2. Church of Jesus Christ of Latter-day Saints stores. 25-year storage life and a case of #10 cans is approximately 30 pounds and almost equal to a 5-gallon bucket for far less cost. Amazon 5-gallon bucket of wheat berries is >$110; case of #10 cans at LDS is $30. For $600 one can put up enough canned foods (rice, beans, wheat berries) to provide 1600 calories per day for one person for a year. Yes, you will need to invest in a grain mill. I also recommend a solar oven. YMMV.

  3. Interesting, The headquarters of Azure Standard, the nation's premier independent distributor of organic and healthy food, was destroyed by fire overnight. This is the second or third food company that has had a fire in the last month or so.

  4. Another very important thing: know how to use your reserves. Cooking with dehydrated food has a very steep learning curve, even something as 'simple' as dried beans. Yes, your failures may be edible within the meaning of the term; but, the toll on your family's psyche as you learn? Huge. Canned food isn't as bad, but there are still definite challenges. Food is huge for moral; bad food can sometimes be worse than little/no food.

  5. has over a thousand articles with detailed information on specific topics pertaining to food and medical preparedness. Type a keyword in the search box on the right to learn about water purification, long term food storage, how to use oxygen absorbers and mylar bags, how to obtain antibiotics, and so much more.

  6. Check the Country of Origin on those canned goods. Many canned fruits and such come from China. Don’t touch that stuff with a 10 foot fork.

  7. Canned goods have two important advantages, maybe three, in a disaster.

    The food in them is cooked and can be eaten cold if needed.

    They are ALREADY hydrated, so no need for additional water (and you can cook in the liquid or drink it for additional nutrition.)

    The cans are pretty sturdy vs. glass jars. I've started stocking fruit in cans, because of the glass breakage issues.

    I've got boxes (variety packs) of freeze dried pouches for something lightweight to grab and go with if we had to abandon our home. I've got bulk cans of critical freezed dried ingredients like whole eggs to get thru shortages or collapse. But the bulk of my ready to eat food is in cans.

    IF the cans are undamaged, there is no reason to get rid of them based on the date. I'm eating and feeding my family from stocks put up in 2014 for ebola and there is no discernible difference from newer cans.

    Where there has been significant degradation is in box mixes. The powdered flavor packs get "old" tasting, or the color changes, or the anti-caking agents fail. High fat flavorings are particularly susceptible, but with that said, under really bad storage conditions, I'm still finding most things like Hamburger Helper to be fine up to a year past "best by".

    I stock peanut oil in lieu of other fats like butter, although I've got a couple of tins of Red Feather, a few jars of Ghee, and several pounds of saved bacon fat (and store bought lard.) The peanut oil is stabilized with vitamin E and lasts years under poor storage conditions (I'm in Houston and most of my stored food is in the garage or on the sheltered patio. It freezes and it gets very hot. I accept that I'm going to have wastage. Better than going hungry.)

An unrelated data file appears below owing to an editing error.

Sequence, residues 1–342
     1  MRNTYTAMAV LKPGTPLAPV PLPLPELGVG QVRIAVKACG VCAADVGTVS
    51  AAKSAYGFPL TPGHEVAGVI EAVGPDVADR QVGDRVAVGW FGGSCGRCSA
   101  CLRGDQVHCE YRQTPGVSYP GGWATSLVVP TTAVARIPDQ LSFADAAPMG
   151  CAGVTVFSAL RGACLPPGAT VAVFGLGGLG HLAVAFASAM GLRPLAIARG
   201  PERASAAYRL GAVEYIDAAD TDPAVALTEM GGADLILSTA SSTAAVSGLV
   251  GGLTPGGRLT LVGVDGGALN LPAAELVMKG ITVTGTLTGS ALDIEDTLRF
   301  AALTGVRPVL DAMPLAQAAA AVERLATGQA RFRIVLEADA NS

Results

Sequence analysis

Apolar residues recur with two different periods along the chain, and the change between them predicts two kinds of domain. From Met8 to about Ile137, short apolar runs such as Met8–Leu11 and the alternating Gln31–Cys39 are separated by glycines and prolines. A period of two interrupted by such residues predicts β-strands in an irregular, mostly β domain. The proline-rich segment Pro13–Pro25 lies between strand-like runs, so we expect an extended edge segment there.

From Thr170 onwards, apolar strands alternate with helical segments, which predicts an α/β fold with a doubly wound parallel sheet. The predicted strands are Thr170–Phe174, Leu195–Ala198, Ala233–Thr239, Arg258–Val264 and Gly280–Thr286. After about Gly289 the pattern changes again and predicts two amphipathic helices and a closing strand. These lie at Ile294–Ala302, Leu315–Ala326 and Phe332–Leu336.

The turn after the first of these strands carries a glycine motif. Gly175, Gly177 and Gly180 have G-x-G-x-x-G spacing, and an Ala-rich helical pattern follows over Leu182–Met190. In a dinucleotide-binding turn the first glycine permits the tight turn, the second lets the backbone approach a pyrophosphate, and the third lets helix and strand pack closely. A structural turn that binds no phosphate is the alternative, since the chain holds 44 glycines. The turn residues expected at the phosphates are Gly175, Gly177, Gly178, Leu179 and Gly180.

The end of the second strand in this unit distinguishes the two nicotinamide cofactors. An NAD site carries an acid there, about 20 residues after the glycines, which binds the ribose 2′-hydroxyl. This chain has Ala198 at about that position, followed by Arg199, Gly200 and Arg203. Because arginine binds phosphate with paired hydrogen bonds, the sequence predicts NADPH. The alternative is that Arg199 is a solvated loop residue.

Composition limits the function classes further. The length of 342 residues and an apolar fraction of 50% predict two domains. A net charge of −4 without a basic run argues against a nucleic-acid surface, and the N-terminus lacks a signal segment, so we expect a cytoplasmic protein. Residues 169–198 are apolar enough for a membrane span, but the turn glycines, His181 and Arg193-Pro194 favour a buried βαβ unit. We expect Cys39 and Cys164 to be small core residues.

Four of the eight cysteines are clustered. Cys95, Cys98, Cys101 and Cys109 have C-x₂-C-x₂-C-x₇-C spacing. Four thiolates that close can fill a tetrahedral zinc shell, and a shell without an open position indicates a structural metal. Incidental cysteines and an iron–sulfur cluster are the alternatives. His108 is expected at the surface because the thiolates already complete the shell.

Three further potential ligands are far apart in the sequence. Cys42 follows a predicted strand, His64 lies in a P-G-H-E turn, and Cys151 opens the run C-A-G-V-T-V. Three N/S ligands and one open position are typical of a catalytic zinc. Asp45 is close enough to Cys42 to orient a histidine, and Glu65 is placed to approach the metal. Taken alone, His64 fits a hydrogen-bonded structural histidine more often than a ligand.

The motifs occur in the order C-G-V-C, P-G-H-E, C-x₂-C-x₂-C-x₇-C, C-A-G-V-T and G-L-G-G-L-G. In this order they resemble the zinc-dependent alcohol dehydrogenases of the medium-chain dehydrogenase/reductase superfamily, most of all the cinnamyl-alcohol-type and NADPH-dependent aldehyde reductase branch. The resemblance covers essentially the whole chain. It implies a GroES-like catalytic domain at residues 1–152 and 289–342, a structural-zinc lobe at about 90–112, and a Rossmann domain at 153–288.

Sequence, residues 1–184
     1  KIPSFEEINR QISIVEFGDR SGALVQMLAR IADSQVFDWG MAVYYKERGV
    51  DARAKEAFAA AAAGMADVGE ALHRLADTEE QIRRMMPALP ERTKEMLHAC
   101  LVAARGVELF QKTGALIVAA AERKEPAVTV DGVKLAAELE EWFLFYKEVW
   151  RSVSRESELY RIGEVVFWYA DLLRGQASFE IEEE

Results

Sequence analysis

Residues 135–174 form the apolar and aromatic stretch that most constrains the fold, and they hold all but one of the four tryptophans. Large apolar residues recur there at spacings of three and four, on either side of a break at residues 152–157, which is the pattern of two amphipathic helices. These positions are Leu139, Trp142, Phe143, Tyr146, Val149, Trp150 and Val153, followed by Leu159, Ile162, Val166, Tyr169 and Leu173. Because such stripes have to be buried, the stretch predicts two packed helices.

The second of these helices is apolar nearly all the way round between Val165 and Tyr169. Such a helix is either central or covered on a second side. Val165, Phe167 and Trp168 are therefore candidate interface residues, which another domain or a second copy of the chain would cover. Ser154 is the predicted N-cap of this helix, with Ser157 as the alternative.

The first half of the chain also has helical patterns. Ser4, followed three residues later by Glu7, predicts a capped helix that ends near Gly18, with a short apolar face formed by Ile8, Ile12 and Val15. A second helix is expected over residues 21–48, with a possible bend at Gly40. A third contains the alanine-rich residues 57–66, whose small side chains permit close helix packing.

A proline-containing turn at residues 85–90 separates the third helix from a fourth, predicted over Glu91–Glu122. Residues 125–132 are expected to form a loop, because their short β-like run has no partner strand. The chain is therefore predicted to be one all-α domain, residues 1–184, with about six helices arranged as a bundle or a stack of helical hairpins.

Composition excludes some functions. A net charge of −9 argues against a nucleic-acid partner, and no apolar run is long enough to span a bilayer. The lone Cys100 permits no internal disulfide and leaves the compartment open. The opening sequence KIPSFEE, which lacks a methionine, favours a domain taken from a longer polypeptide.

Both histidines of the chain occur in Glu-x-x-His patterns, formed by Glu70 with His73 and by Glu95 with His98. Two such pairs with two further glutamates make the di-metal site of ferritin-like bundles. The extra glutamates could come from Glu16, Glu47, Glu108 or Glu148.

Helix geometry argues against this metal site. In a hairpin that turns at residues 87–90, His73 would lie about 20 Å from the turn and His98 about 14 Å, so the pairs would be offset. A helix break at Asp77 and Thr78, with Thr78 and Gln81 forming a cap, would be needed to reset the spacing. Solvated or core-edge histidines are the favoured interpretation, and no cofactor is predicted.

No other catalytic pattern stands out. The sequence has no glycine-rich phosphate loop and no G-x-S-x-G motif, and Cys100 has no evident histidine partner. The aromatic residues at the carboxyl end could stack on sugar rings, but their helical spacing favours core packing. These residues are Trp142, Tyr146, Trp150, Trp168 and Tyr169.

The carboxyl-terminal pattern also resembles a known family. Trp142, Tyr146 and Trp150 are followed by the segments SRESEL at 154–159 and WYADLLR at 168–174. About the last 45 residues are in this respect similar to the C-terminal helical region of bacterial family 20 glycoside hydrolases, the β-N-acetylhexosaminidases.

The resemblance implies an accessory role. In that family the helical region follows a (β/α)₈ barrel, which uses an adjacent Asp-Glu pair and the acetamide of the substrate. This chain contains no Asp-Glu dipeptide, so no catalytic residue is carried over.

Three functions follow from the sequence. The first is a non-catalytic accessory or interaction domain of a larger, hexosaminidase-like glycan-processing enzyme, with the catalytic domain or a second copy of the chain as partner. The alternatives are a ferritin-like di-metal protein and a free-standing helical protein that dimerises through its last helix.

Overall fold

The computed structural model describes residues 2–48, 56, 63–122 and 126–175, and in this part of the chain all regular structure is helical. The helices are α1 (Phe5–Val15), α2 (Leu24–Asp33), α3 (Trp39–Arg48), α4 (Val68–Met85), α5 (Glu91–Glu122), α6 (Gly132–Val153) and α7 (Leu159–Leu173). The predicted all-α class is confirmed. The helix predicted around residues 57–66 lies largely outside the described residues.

8. Canned chili & beef stew, canned vegies & canned fruit can be eaten right from the can, they store well too. Canned chicken, tuna and soups can be heated in the same pot for something different.
    Rice will keep & you don't need a lot of water to cook it.
    Stash it away just in case or rotate it into your pantry and replenish it as it gets used (I stashed it away, I spent less than $100 on it all).

  9. Always eat what you store (AND REPLACE) and store what you eat.

    Always test eat new foods before loading up your pantry with them. Yes you *might* have to eat stuff you don't like under duress (Gates' Bug meat, eh?) BUT WHY inflict more issues when things are already SHTF?

    Always look at calories. The Readywise 120 serving veggie bucket (somebody asked me to look it over) has 3000 calories of varous veggies in it for 169.99

    You could replace it with 24 15 ounce cans @ 1.50 each of various veggies and have the same calories (actually a bit more) for around 36 dollars.

    Is the 25 year storage worth the difference?

    I've bought and tested some canned "Beef Stew" that even with rice and spices wasn't worth eating full of veins and gristle.

    Tempus fugit or as that song goes "Does anybody know what time it is"?

  10. There's another area that preppers tend to overlook: personal hygiene. Poor oral health opens the door to all sorts of problems. Toothbrushes should be changed every 3-4 months, so stock up on those and antiseptic pastes. Having a few bottles of witch hazel or rubbing alcohol on hand wouldn't hurt either should there be water shortages.

  11. I have started canning my own food. It tastes so much better and is usually cheaper. I can beef, chicken and beans in many ways. My brother and I garden together (our spouses don’t like to garden) and can peppers, tomatoes, cucumbers, etc. o also dehydrate some garden foods. Dehydrated foods are harder for me to find tasty ways to use them though. I need to work on that. I love opening the cans and tasting summer again. Home canned foods last longer than commercial varieties because the foods don’t come in contact with metal and so don’t have that metallic taste. I also purchase foods from the LDS store and faithfully read Prepschool Daily blog.

  12. I agree about Aldi and Sams Club for csnned foods, but their prices have skyrocketed lately and Aldi is having rotating shortages of popular stuff. I got the 1lb canned ham from Aldi and stored a bunch of it, but none of the stores in my area have had any for months. Their Spam analog is good but the price currently is up 30%.
    The canned chicken breast at Sams is also good stuff, but the price has gone from $9.98 to $15.98 here. I realize if you haven't prepared these prices are unavoidable and will be higher still soon enough. Glad I bought stuff earlier.
    Just bought some more canning supplies from Walmart, jars plus extra lids. They currently have the best prices I can find and they deliver free if the total is over $35.00.

  13. Good tips one and all.

    For gas storage, if you don't need it to be mobile (as in pick it up and carry it,) the 25+ gallon tanks are a good bet. Had one on our homestead, used it mostly for the garden tractor, and other yard implements. Fill with the 5 gallon tank when needed.

    @tonerboy is right, first I've heard of it too…

    March 13 – Walmart fulfillment center, IN
    March 22 – Shearer’s Foods, OR
    March 28 – Maricopa Food Pantry, AZ
    March 31 – Rio Fresh, TX
    April 11 – East Conway Beef and Pork, NH
    April 13 – Gem State Processing, ID
    April 13 – Taylor Farms, CA
    April 18 – Azure Standard, OR